How to Minimize Bad Behaviour for Children with ADHD

Because children with ADHD are hypersensitive and tend to misinterpret comments, reprimands and punishments should be done with care and sensitivity.

After an incident, try to put in place appropriate strategies to prevent similar difficulties recurring. These should be implemented from an understanding of ADHD with the aim of minimizing rather than excusing the behaviour or problem. For example, in a situation where homework is regularly forgotten or not returned, arranging for it to be emailed to the teacher might be an option.

Bad Behaviour

It is usually best to use careful reprimands with a measured tone of voice and an attitude suited to the behaviour. Make sure it is clear that it is the behaviour not the child that you are criticizing and phrase your comments in such a way as to encourage better compliance next time. Try not to damage the child’s self-esteem, and avoid appearing stressed, losing control, lecturing, ridiculing or criticizing the child in front of the class. Look forward to a positive future by suggesting ideas as to how things might happen better next time, and don’t see the child as a failure.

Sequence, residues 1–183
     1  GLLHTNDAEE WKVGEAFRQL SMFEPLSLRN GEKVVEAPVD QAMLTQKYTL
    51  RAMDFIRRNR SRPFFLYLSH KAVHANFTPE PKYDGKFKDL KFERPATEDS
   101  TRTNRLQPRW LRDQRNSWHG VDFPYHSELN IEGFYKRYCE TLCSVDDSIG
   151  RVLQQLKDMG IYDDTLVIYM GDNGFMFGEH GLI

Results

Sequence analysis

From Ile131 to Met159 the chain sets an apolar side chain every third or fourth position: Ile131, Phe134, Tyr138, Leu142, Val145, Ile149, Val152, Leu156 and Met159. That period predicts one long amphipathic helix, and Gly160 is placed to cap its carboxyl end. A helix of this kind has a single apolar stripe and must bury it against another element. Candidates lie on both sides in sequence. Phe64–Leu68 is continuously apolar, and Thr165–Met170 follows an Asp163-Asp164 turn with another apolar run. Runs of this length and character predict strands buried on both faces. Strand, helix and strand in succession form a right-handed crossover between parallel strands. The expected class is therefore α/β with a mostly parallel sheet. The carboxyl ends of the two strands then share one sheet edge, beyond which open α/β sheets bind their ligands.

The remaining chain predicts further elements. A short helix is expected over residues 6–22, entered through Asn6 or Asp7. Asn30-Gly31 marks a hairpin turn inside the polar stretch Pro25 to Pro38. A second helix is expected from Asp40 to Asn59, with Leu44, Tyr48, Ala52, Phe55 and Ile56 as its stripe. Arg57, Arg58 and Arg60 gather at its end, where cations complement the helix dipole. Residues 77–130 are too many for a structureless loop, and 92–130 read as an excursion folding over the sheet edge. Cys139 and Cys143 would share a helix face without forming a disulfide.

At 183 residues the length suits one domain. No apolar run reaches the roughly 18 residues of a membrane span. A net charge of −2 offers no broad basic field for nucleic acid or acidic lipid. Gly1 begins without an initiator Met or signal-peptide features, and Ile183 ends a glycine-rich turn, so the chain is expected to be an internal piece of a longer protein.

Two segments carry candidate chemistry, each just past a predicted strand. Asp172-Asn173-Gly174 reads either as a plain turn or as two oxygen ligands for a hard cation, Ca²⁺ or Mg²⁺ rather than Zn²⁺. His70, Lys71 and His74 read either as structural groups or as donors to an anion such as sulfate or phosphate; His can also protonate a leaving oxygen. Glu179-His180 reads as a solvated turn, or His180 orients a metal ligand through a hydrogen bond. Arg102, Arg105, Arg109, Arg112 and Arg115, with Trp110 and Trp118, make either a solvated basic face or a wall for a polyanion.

These pupils can be particularly frustrating to teach and their domineering style often isn’t popular with peers. They don’t readily back down so it can help to train them to carry out small and reasonable requests and, where possible, give them a choice of outcome, either of which would be acceptable to you. Thus neither party loses face, there is less likelihood of confrontation and the controlling child has not taken over. Give him additional responsibilities that play to his strengths. Many teachers find that asking for the child’s help in improving matters can be very productive and encourages further co-operation.

There is every chance that a child behaving badly is suffering inside and his physical, emotional and intellectual performance is being impaired. Do not get drawn into adopting his negative behavioural style, shouting or not bothering with him – this can be persistently draining and can lead you to think that it is you who has the problem. Rather than regarding these pupils as an unwelcome burden, make it a priority to cater for them so that the whole class operates smoothly.

Filed Under: Family & Relationships


About the Author: Roberta Southworth is a psychiatrist by profession. She likes to help out people by writing informative tips on how people can to solve their family and relationship issues. She is currently staying in Ireland. She has 5 years of couple counseling experience.

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